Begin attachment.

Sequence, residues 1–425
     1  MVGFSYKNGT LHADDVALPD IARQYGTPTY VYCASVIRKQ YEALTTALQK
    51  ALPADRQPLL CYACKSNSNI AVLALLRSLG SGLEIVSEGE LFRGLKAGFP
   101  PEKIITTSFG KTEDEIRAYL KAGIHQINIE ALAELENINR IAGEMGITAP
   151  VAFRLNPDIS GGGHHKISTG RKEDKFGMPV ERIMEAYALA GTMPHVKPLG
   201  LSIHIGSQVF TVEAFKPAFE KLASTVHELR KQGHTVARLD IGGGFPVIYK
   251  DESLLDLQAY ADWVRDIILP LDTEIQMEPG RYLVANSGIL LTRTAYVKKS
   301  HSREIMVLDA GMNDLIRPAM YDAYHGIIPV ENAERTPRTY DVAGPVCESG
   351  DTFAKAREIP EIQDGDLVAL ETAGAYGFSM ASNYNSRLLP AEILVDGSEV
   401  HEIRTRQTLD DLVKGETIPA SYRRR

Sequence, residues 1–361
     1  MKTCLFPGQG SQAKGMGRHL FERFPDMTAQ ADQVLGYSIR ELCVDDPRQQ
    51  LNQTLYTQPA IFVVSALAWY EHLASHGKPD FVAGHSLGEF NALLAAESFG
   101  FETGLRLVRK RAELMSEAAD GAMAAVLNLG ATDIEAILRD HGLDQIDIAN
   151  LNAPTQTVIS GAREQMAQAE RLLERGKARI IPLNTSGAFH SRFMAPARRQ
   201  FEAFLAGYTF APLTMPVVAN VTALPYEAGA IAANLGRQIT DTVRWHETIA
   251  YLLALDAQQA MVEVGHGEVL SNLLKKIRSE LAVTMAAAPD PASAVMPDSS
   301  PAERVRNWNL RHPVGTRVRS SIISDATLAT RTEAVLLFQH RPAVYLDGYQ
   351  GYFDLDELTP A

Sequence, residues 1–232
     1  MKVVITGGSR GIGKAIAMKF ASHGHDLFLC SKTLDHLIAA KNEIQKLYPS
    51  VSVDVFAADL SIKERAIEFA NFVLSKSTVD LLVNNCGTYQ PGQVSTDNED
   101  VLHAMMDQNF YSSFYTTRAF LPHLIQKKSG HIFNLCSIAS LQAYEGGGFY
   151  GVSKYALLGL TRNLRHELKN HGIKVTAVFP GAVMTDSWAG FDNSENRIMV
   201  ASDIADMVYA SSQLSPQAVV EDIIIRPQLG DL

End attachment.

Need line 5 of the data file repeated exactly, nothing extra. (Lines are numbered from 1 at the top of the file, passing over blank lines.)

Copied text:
   151  VAFRLNPDIS GGGHHKISTG RKEDKFGMPV ERIMEAYALA GTMPHVKPLG